Here’s some of what Wikipedia has to say about my friend Herb Kohl: “Herbert Kohl is an educator best known for his advocacy of progressive alternative education and as the acclaimed author of more than thirty books on education. He began his teaching career in Harlem in 1962. In his teaching career, he has taught every grade from kindergarten through college.”
I would add my own memories. I remember being inspired by his first book, 36 Children, when I was a beginning teacher in New York. When I was at NPR, I visited Herb and his family at their home in the Redwoods in northern California. He took time away from directing “A Midsummer Night’s Dream” for his daughter’s elementary school. The challenge, he explained, was that four or five girls wanted to play Puck and had the talent and energy to do it well. His solution was to rewrite the play–they all got to star! Many years later I ran into Herb, then around 70, in New York and learned that he was studying Chinese calligraphy!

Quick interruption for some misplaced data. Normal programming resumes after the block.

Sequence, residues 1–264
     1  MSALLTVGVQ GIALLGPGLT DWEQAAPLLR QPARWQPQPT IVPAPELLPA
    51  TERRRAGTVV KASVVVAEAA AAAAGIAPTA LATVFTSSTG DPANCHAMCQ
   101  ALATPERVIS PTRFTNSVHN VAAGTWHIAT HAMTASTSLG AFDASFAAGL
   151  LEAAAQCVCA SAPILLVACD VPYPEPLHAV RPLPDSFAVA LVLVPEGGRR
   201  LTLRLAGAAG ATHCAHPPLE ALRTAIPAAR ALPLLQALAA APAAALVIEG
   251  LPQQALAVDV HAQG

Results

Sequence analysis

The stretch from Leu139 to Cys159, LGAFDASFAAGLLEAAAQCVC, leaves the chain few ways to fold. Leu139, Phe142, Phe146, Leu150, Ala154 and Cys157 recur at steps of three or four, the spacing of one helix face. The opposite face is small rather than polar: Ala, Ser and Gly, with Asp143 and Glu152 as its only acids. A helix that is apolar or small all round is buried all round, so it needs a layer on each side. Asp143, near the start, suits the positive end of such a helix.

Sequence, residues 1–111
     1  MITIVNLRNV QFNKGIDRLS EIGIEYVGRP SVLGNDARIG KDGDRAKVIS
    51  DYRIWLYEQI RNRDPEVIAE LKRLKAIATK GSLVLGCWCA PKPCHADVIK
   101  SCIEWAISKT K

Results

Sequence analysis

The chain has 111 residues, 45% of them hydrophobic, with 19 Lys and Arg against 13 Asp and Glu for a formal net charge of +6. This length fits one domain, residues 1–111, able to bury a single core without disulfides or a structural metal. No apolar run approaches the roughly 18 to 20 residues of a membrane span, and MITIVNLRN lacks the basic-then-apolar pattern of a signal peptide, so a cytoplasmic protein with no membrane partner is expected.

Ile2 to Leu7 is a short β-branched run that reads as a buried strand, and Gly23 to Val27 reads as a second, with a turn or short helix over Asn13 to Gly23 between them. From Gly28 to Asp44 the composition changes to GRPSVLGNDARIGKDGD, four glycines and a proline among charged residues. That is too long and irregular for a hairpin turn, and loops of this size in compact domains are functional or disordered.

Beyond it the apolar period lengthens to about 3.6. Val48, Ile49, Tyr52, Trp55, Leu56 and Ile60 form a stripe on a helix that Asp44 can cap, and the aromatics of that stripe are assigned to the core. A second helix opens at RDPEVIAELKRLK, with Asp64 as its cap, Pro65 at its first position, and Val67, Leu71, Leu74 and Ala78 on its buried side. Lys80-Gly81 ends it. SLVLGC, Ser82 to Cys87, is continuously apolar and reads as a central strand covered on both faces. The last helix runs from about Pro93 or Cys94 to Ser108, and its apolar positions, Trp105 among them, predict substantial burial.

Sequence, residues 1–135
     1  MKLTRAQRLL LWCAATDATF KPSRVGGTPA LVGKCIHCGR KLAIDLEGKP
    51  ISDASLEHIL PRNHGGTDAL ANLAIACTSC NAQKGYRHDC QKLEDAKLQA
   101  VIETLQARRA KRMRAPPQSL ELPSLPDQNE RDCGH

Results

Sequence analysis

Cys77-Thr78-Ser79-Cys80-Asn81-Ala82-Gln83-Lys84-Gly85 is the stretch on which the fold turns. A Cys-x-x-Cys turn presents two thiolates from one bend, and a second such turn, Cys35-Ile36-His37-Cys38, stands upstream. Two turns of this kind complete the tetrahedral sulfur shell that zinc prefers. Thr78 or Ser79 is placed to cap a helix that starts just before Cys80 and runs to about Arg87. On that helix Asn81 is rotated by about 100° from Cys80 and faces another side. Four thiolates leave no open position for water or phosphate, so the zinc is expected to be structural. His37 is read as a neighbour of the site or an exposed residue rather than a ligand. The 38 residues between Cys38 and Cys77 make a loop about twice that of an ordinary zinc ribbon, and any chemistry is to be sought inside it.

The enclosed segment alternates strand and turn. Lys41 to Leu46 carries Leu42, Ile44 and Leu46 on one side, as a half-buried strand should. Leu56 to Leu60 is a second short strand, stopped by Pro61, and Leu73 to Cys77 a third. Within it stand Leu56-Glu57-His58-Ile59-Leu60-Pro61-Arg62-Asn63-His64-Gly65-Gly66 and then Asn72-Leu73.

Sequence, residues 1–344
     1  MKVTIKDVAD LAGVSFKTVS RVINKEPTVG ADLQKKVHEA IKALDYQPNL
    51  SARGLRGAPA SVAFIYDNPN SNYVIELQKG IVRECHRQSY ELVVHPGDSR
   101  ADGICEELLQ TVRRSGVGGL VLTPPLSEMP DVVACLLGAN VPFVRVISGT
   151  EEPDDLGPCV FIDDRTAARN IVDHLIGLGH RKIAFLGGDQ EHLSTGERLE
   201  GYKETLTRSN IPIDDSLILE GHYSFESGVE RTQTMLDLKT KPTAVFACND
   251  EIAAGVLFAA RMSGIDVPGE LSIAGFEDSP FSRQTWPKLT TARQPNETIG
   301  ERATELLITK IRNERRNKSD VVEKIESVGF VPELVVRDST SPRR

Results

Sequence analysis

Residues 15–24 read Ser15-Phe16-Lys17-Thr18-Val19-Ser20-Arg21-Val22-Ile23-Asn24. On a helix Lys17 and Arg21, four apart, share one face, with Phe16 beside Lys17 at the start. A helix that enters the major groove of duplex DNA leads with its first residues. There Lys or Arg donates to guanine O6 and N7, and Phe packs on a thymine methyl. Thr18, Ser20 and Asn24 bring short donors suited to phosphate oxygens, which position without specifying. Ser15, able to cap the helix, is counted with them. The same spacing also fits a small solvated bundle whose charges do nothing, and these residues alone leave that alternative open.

A restless intellect who has stayed true to his progressive principles, Herb is also an interesting interview.
What’s your quick impression of Arne Duncan’s “Race to the Top” plans, which include what sounds like serious competition for dollars—and that means winners and losers? Is this political courage, or is it more federal encroachment on public education?
Arne Duncan, on the official Department of Education website said, “For states, school districts, nonprofits, unions, and businesses, Race to the Top is the equivalent of education reform’s moon shot.” I thoroughly agree with him. Remember we went to the moon, not to improve science or the quality of life in our country, but to face down the Soviet Union. We spent a lot of money doing it, got little return, and never went back. I believe Duncan’s analogy should be taken seriously.
One of the goals he articulates for the program is to be first on international standards of performance. Good luck – there are no agreed upon international standards. Another goal is to digitize education information and treat it like the digitize medical information the Administration proposes. But that simply entrenches specific high stakes tests into the system without delivering any substantial pedagogical change. Continue reading